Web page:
You’ve got some Hi-Fi or home cinema kit you’d like to sell, most likely to finance a nice upgrade. But where is best to sell it? How much is it worth? How do I get the best price? Should I post it to Nigeria? (No!) Lots of questions that often come up when selling Hi-Fi for the first time. Ultimately you want a quick and smooth sale, that gets you the best price. In these few pages, you’ll find many tips on selling second hand hi fi equipment.
- Step 1: First Steps
- Step 2: Photographing
- Step 3: Pricing
- Step 4: Writing Your Description
- Step 5: Postage and Packaging
- Step 6: Listing Your Ad
- Step 7: Following Up
- Step 8: Completing The Sale
- Step 9: Don’t Get Scammed!
Step 1: Selling Second Hand Hi Fi First Steps
Here are a few key things you should do prior to selling used HiFi or Home Cinema. Follow these to ensure your sale goes well.
- First things first, are you sure you want to sell this item? Ask yourself, whether you’re are doing the right thing. Will this sale be something you’ll regret at a later date? A new piece of kit, may give you a different sound, but is it really better? Give yourself time with your new replacement kit, before selling your old item; the new item may appear better at first, but quickly grow fatiguing. Is the item a rare or limited edition item, that would be difficult to replace, if you wanted to go back to it?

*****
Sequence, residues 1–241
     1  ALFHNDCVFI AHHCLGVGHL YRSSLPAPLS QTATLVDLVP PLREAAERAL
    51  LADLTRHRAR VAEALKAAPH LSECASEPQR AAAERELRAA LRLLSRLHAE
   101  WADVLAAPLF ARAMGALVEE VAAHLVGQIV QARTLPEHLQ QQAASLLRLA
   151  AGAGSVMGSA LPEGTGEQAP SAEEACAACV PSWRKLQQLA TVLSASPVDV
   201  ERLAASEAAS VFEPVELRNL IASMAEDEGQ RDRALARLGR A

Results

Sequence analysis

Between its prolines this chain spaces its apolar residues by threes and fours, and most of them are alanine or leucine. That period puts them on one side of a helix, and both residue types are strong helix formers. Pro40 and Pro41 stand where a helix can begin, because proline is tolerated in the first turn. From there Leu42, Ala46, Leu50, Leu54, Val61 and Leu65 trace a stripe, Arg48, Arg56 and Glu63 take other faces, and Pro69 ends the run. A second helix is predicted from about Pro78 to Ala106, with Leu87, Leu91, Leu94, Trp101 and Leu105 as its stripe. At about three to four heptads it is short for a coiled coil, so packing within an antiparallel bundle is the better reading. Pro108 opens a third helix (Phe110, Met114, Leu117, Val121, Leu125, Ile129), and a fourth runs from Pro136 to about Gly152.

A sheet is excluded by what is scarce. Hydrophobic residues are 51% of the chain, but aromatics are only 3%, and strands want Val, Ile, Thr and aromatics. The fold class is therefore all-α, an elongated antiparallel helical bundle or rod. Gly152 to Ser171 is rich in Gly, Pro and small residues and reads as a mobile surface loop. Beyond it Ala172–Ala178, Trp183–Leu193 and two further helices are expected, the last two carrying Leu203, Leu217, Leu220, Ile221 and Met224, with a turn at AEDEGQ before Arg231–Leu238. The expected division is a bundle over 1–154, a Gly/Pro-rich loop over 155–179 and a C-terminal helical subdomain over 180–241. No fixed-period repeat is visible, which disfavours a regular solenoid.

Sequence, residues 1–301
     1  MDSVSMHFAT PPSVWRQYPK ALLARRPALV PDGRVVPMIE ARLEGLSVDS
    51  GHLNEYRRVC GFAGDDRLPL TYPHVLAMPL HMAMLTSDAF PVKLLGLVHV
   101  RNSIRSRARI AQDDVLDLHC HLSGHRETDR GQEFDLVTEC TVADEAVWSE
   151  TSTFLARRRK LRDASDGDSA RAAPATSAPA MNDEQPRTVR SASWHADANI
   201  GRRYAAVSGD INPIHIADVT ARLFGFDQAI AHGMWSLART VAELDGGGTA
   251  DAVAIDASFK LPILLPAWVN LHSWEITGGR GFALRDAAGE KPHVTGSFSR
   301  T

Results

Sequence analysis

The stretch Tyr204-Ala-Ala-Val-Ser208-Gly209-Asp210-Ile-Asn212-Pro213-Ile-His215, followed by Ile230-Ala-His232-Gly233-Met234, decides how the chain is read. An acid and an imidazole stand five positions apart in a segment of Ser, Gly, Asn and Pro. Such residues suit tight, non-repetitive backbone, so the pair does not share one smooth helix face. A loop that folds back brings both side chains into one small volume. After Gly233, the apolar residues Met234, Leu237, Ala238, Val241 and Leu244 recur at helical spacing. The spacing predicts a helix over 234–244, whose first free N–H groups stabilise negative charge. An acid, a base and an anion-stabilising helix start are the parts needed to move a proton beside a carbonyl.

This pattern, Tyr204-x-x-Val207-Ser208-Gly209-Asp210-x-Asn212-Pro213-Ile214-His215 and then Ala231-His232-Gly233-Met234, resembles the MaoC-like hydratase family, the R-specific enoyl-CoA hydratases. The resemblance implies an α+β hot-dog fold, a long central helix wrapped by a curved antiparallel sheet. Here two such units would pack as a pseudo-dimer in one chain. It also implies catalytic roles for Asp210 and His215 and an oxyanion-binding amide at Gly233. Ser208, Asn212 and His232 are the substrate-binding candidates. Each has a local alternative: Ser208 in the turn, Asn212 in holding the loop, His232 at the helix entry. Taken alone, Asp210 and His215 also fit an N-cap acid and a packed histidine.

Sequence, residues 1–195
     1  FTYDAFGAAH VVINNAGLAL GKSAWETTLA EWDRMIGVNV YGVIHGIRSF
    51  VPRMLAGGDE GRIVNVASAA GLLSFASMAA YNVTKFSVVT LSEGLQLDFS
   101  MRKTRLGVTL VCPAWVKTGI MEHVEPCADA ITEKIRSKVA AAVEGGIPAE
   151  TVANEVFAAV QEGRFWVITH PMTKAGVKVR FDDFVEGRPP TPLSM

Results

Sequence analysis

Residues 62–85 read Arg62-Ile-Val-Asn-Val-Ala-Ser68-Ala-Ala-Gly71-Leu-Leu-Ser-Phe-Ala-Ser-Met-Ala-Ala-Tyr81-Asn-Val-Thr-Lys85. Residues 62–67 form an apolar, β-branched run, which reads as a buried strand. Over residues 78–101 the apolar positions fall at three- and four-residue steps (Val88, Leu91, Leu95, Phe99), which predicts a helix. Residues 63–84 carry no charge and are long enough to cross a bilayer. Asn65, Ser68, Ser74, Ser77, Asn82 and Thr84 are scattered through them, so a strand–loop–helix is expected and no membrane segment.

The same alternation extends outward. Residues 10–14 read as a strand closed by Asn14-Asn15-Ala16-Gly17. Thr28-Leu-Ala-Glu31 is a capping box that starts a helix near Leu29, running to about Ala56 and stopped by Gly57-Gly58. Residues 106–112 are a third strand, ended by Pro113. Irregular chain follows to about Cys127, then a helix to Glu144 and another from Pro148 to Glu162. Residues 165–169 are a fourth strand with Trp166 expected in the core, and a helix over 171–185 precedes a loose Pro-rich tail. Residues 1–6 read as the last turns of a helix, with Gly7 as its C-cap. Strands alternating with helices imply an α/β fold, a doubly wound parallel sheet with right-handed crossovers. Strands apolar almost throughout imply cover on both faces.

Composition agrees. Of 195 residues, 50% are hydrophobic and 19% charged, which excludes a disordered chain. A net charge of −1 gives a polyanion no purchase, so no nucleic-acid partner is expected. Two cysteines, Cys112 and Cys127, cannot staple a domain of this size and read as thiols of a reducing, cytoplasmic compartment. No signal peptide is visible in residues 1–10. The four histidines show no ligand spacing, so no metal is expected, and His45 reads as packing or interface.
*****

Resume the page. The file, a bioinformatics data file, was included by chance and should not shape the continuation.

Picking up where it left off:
- Inspect the item well, double-check it has no unexpected scratches of damage you weren’t aware of. You don’t want a buyer to find something later and surprise you!